Wearing the transformation officer hat, Wiedenbeck plays the role of influencer, working all corners of the organization and the C-suite to make sure process changes, workforce culture, and the company’s digital readiness are aligned and moving forward to meet transformation objectives, which in this case is improving operational efficiency. As CIO, Wiedenbeck is committed to modernization and reducing technical debt. Sometimes the strategies are at odds.

“The automation Ameritas needs to drive optimization towards the future state may be less than perfect,” he admits. “It can’t be about absolutes — you have to balance the needs of the enterprise with the needs of IT.”

In addition to influence, transparency and accountability are critical to Wiedenbeck’s change management playbook. On his watch, the company established a change management office entirely focused on problem solving and advancing transformation efforts. The change management office, and the transformation officer part of Wiedenbeck’s mandate, is wholly focused on ensuring the broad transformation goals are advanced every step of the way. As part of this set of duties, Wiedenbeck spends his days clarifying objectives, affecting and aligning the scope of work, and helping people prioritize the decisions that ensure the transformation efforts are not only executed, but have lasting traction.

While most modern CIOs are adept at the technical domain and have polished their business savvy, understanding the process improvement domain, the reengineering of work patterns, and the people side of change management are what really set the transformation aspects of the CTTO apart from what’s required from the typical IT leader.

“The people, process, and technology moniker gets brushed over, but as transformation officer, you have to have competency in all three with enough depth to extract value out of the role,” Wiedenbeck says.

CIOs’ organic role in transformation

Some CIOs with robust transformation agendas have little interest in crossing over to a formal CTO role. Take Katrina Agusti, who as CIO at Carhartt has played an active part in leading transformation initiatives, including a rethinking of the go-to-market calendar, expansion of the distribution network, developing end-to-end customer journeys, and the shift towards more sustainable products and packaging. When the executive tasked with setting up a transformation office left the company several months back, Carhartt’s top executives reached out to Agusti to see whether she would stand up the office and have oversight of the efforts until they brought in a replacement.

Katrina Agusti, CIO, Carhartt


Agusti believes she was sought out for the transformation role because of her long tenure at the company (20 years) and her past achievements advancing business strategy and working with cross-functional teams on change management. As an IT chief, Agusti says she also shares a lot of the same competencies and characteristics as transformation leaders, including the ability to understand business direction, evaluate tradeoffs, assess organizational readiness, and broker difficult discussions between different functions.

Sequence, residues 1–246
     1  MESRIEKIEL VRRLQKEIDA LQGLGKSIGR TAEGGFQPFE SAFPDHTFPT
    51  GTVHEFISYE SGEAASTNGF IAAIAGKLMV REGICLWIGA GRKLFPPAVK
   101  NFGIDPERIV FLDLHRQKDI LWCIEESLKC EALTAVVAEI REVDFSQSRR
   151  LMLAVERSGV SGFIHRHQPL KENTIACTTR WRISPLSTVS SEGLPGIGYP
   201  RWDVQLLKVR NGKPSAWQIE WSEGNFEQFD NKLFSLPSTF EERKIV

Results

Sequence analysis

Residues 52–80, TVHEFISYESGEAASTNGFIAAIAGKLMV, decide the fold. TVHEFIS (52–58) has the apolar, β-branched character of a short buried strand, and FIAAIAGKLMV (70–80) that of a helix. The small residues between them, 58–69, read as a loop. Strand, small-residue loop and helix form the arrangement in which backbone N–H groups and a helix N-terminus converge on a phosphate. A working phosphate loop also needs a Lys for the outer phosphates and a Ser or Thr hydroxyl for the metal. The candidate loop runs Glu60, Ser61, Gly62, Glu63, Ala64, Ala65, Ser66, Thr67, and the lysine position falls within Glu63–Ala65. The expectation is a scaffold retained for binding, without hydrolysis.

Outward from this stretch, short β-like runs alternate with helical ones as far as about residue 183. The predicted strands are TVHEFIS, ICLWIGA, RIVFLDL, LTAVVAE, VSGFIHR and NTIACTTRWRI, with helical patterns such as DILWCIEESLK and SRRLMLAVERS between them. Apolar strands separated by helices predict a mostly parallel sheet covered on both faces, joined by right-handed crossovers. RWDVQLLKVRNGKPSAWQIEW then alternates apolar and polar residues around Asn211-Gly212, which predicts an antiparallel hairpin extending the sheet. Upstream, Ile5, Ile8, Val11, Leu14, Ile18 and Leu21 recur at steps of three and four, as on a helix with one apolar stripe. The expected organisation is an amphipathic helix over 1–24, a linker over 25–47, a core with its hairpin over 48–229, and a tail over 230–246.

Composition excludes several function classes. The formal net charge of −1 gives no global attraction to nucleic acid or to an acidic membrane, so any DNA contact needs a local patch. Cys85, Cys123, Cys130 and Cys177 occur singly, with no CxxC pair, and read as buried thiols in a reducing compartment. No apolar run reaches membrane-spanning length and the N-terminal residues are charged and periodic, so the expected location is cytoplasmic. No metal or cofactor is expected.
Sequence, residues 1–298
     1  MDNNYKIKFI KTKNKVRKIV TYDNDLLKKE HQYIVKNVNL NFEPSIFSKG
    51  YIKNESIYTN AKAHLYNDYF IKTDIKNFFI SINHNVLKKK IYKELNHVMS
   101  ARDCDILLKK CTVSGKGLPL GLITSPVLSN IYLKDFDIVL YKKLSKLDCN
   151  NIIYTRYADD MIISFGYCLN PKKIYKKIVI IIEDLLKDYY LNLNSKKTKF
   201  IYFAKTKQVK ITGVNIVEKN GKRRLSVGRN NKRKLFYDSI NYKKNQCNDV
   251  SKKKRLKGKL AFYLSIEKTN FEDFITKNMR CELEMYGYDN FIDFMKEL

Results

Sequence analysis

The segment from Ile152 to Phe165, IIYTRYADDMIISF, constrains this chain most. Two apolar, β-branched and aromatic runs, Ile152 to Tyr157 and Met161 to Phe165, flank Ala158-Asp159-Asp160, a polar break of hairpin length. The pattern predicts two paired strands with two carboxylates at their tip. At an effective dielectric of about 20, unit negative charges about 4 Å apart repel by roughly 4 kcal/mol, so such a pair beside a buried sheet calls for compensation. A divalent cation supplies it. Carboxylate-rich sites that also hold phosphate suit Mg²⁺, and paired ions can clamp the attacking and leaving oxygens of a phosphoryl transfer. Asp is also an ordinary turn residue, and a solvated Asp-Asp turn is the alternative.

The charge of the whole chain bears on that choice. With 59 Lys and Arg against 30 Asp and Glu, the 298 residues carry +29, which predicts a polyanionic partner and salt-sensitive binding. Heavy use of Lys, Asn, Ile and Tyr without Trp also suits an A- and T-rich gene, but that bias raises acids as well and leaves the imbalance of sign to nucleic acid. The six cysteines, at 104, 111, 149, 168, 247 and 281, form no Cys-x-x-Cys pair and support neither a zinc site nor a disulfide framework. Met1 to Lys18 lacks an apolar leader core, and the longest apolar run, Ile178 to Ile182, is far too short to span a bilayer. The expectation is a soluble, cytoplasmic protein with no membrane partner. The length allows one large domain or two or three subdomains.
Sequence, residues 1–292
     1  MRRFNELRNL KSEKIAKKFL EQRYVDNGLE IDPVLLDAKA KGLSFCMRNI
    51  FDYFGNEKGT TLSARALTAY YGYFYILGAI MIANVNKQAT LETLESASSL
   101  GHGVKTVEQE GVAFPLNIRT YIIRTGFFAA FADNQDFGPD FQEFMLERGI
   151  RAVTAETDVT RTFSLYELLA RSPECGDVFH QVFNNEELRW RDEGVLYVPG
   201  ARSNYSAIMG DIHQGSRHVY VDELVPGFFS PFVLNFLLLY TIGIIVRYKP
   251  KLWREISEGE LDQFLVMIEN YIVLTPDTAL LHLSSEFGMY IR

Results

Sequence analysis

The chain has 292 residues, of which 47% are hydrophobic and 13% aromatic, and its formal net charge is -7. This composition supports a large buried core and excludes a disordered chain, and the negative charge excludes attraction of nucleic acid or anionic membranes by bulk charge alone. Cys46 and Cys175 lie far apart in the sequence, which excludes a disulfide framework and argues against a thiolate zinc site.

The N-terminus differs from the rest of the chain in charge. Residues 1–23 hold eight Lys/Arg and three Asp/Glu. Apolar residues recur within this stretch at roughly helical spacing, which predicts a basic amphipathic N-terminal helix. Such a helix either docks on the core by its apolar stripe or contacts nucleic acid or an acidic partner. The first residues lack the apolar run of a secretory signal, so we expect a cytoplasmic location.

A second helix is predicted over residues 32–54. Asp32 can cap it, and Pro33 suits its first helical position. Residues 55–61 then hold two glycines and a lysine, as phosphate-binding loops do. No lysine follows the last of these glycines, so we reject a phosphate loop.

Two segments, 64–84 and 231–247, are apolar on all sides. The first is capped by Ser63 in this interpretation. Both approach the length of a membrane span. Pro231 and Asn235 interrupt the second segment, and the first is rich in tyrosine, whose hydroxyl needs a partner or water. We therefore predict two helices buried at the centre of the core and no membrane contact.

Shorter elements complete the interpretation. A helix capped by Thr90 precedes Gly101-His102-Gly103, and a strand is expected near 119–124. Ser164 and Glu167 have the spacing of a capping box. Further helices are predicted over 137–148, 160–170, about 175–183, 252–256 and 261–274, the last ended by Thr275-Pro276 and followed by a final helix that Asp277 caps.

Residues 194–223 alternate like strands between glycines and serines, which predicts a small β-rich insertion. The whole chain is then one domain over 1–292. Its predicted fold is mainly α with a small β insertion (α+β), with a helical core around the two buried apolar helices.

“We in IT have led so many projects without the name of transformation, we’ve built the trust and credibility to take this on,” she says.

Even so, Agusti says she has no interest in serving as CTO long term, and doing both roles, in her view, does a disservice to the transformation office.

“This can’t be a side gig — it has to be a focus and I can’t do that consistently on my own due to other priorities,” she adds.

Nathan Rogers, SVP and CIO infrastructure enablement, SAIC


While there’s certainly overlap between the functions, most CIOs see their responsibilities and career tracks as complementary to the CTO charter as opposed to direct conflict. For example, while the CTO focuses on organizational, market, and change management challenges, the CIO’s charter most often zeros in on the digital piece — a delineation that typically rules out any significant turf wars.

“I see the roles complementing each other if it’s set up correctly,” says Nathan Rogers, senior vice president and CIO infrastructure enablement at SAIC, a technology integrator. “Whether reporting to the same person or at the same level, if they’re strategically aligned, it’s a powerful combination.”

Sri Adusumilli, CIO at Truckpro, is accountable for all the digital aspects of transformation happening at the independent distributor of heavy-duty aftermarket truck parts and accessories, working in concert with the vice president of corporate initiatives who oversees the work from an organizational structure and cultural standpoint. Truckpro hasn’t appointed a formal CTO, and Adusumilli says he sees the role as more transient as there are limited large-scale transformation efforts a company will undergo in its lifetime.

“The CTO is a time-bound role,” he claims. “You don’t change your culture or your operating model every few years.”

Sri Adusumilli, CIO, Truckpro


Regardless of whether he or any other IT leader aspires to hold the CTO title ultimately is irrelevant, Adusumilli contends, because CIOs are already doing the heavy lifting of orchestrating transformation.

“CIOs are already transformational executives if they’re doing their jobs,” he says. “I’m not looking to become a transformation officer because I believe I already am.”

Business IT Alignment, CIO, Digital Transformation, IT Leadership